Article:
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Thank You and OK!: an American Zen Failure in Japan
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[DC notes to self and others in brackets]

Chapter 78


June 19, 1988   -   A FINAL SURPRISE


"Hey Norman, thanks for everything."  He was at his desk painstakingly writing a letter in textbook quality kanji and I was out on the deck.

"Sure you don't want to stay two more days," he asked.  "A bunch of new monks from Suienji are coming to town tomorrow and Shuko and I are gonna go out on takuhatsu with them."

"Oh no, I'm all raring to go.  I'm going to spend the night with the logger, the one I met when I first arrived at Kikuoka.  I'll drop a dime in your cup.  But don't look at me.  It's forbidden."

"Okay.  Thank you.  You've been a lot of help.  I'm sorry to have put you through so much."

"It was great, my pleasure.  I hope everything works out.  As soon as I know where I'll be living I'll let you know so you can come for R 'n R."

"Please do.  Will Elin be there?"

"Looks like it.  Our correspondence has taken a distinctly favorable turn.  She's planning to come in the fall."


"Well, we'll see."

"She'll be there."


"Don't give me that bull.  You're dying for her to come."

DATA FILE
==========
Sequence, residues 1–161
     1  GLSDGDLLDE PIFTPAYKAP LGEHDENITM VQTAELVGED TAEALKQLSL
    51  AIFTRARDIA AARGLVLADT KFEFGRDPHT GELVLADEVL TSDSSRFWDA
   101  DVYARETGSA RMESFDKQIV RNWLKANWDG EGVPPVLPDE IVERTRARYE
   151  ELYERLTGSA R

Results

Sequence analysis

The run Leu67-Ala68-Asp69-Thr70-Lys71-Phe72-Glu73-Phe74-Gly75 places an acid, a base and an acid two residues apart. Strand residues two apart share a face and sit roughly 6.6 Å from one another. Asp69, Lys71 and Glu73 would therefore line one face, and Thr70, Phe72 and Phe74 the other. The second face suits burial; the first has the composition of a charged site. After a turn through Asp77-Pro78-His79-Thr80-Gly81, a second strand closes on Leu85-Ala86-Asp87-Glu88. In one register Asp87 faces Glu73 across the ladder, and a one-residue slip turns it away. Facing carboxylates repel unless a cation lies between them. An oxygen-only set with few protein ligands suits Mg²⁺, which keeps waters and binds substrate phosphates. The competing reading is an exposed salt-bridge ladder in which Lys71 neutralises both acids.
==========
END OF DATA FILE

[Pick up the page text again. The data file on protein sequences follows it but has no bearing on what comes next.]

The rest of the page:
"I can take it or leave it," I said playfully.

"Sure.  Better get outa here before your nose starts growing."

"Yeah, well thanks a lot again."

And then before we could hem and haw and say goodbye any more, Norman leaped up.  "Oh!  I gotta show you something."


"Come with me," he said and went out into the hatto.  I curiously followed.

He went back to his room and got a flashlight and led me to behind the altar.  The grin on his face was illuminated by the light in his hand as he pulled out a box.

"Just came in yesterday - a gift from Akagi-san," he said.  "I watched Shuko unload it and carry it in."

"What on earth could it be?" I said densely, moving in closer as Norman opened the box, pulling back the cardboard flaps.  Suddenly he was laughing diabolically as he thrust his hand into the case.  He pulled out an A-frame shaped box, about eight inches long and six high.  It was something we had been looking at for a long time and which we thought we would never see again.  I knew the man on the side of the box, giving the thumbs up sign and winking.  I knew him well.  He had come to be like a member of the sangha.

"THANK YOU AND OK!" said Norman holding it high.  "THANK YOU AND OK!"